Belfast Telegraph

UDA-linked group gets share of £400k 'carve up of public money' by Sinn Fein and DUP

By Andrew Madden, Local Democracy Reporter

More details have emerged over what is being described as a £400,000 “carve up of public money” by Sinn Fein and the DUP at Belfast City Council.

At last week’s meeting of BCC’s Strategic Policy and Resources Committee, in which Sinn Fein and the DUP have a combined majority, the decision was made to give the money to groups for “bonfire diversion”.

The call-in mechanism, which allows other councillors to question the decision making of other parties, was removed from the process.

In a report prepared for Friday’s meeting, under the headline “Area based Festivals”, a full list of those who are to be given funding was compiled, as well as those who had requested funding in the days prior to last weeks SPR meeting.

The Press were asked to leave the room while the item was being discussed, however documents seen by this reporter detail precisely where the money is intended to go.

Those to be given funding are: Feile (Feile - £100,000; Northern Ireland Alternatives Community Festivals Summary - East Belfast Community Festival - £50,000; New Lodge - £40,000; Market - £10,000; Belfast South Community Resources - £26,521)

£100,000 is also earmarked for “Woodvale”, while £80,000 is to go to the Ulster Scots Agency.

Friday’s report states that the original committee discussion on the funding at April’s SPR meeting (such as the money going to Feile and BSCR) “focused on diversionary and educational activities associated with July and August bonfires”.

In addition, the documents list the recent funding requests BCC received from other organisations, which mainly focus on arts, culture and charitable activities.

These include: SOS NI (£50,000), Springfield Charitable Association (£250,000) and Lenadoon Community Forum (£25,000), among others.

“Additionally members are reminded that there is no budget to allocate to these requests at this point. At the last SPR meeting, activities discussed totalled approximately £400K. This has now grown to over £1 million,” the document adds.

“If the Committee is minded to invest in any of these proposals, then the money will have to come from reserves, some of which could possibly be replenished, at least in part, from end of year re-allocations, which will be considered in June.”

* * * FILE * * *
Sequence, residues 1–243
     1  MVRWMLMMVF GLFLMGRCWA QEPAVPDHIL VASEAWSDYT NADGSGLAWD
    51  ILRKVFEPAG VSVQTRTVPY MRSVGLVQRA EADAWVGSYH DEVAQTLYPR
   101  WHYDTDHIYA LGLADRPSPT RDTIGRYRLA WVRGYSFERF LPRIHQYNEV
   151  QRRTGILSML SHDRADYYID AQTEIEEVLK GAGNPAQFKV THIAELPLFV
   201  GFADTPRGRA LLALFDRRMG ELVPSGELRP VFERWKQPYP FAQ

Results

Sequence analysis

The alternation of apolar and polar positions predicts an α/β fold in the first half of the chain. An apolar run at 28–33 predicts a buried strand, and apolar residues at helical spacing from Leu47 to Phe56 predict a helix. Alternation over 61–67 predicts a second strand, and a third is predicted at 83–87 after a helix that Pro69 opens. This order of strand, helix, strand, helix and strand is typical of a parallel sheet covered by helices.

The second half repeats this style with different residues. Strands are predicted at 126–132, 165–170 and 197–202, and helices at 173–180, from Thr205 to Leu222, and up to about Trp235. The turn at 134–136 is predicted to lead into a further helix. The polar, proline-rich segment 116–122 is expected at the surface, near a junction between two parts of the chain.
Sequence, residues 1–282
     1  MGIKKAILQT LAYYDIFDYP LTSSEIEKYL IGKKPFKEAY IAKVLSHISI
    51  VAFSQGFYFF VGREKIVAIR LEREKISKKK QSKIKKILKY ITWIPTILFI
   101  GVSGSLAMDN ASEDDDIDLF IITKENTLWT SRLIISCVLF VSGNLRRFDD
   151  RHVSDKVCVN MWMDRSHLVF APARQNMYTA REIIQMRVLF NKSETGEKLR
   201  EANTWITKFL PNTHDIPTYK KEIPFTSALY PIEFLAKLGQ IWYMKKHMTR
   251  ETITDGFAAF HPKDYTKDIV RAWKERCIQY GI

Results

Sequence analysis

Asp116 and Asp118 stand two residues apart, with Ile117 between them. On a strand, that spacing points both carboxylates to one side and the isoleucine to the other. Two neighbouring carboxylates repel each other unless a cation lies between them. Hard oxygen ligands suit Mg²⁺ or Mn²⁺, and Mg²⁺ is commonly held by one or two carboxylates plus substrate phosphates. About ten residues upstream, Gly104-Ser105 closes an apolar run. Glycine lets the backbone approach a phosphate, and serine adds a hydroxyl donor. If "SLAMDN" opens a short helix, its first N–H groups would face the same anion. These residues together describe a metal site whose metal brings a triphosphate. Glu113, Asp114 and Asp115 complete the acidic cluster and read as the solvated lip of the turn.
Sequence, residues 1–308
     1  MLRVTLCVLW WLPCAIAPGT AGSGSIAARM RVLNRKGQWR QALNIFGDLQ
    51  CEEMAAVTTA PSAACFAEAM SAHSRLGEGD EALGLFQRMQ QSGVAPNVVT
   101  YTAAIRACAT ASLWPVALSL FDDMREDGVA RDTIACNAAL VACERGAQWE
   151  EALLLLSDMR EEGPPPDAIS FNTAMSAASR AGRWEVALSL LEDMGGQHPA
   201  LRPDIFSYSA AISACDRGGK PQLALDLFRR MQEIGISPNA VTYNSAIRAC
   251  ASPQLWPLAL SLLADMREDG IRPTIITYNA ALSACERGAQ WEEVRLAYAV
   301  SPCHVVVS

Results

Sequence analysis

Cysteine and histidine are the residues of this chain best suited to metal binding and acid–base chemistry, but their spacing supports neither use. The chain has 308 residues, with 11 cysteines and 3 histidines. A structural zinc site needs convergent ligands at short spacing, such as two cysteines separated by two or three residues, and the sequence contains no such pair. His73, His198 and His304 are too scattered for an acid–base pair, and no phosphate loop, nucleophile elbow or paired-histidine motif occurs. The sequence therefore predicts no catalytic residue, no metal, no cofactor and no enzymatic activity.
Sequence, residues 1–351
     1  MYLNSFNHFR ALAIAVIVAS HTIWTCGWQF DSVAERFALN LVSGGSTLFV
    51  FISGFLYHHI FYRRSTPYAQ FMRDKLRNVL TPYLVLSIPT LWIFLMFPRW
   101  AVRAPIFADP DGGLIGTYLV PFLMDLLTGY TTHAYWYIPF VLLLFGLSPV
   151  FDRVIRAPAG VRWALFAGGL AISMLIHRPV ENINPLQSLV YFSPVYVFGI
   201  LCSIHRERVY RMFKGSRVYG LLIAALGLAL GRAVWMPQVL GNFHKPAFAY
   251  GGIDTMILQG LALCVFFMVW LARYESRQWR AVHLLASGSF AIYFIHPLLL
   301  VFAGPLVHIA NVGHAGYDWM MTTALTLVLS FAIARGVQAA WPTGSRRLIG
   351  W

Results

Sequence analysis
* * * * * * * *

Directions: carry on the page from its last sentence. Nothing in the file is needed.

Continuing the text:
SDLP council group leader and SPR member Tim Attwood said he was concerned that the committee has committed £400,000 to area-based festivals “without an open and inclusive process”.

“It is also a matter of concern that the DUP and Sinn Féin voted to stop the decision being subject to a call in,” he added.

“Area based festivals in nationalist and unionist areas are one approach that could help to tackle problems around bonfires and anti-social behaviour that occur, especially during the summer months.

“There are other organisations such as SOS NI and youth clubs in a number of areas who are working with young people to tackle anti-social behaviour and reduce tensions in interface areas.

“Regrettably, due to funding issues, many youth clubs including Shankill, Divis, Ormeau and East Belfast have to close for four weeks during the summer."

One group receiving funding is the Sandy Row based Belfast South Community Resources, which in the past has been linked to the UDA.

In 2016, BSCR received money from Stormont’s controversial Social Investment Fund.

It was alleged that SIF money bought a £700,000 Sandy Row office block, which veteran loyalist Jackie McDonald used to conduct UDA business, which was gifted to BSCR.

In October last year it emerged that South Belfast MLA Christopher Stalford has his constituency office in the same block. He later said he makes no apology for renting an office said to be linked to the UDA.

Alliance councillor and SPR member Emmet McDonagh Brown criticised the decision to give a paramilitary-linked group public money and said his party will be writing to the Audit Office over this issue.

"This decision has the potential to have a negative impact on Belfast, once again calling into question the relationships between certain parties and paramilitaries. Either way the DUP and Sinn Féin have proven yet again they are content to finance a divide society," he said.

"What makes this situation even worse, is that the DUP and Sinn Féin clearly recognise their actions are wrong, taking steps to block others holding them to account.”

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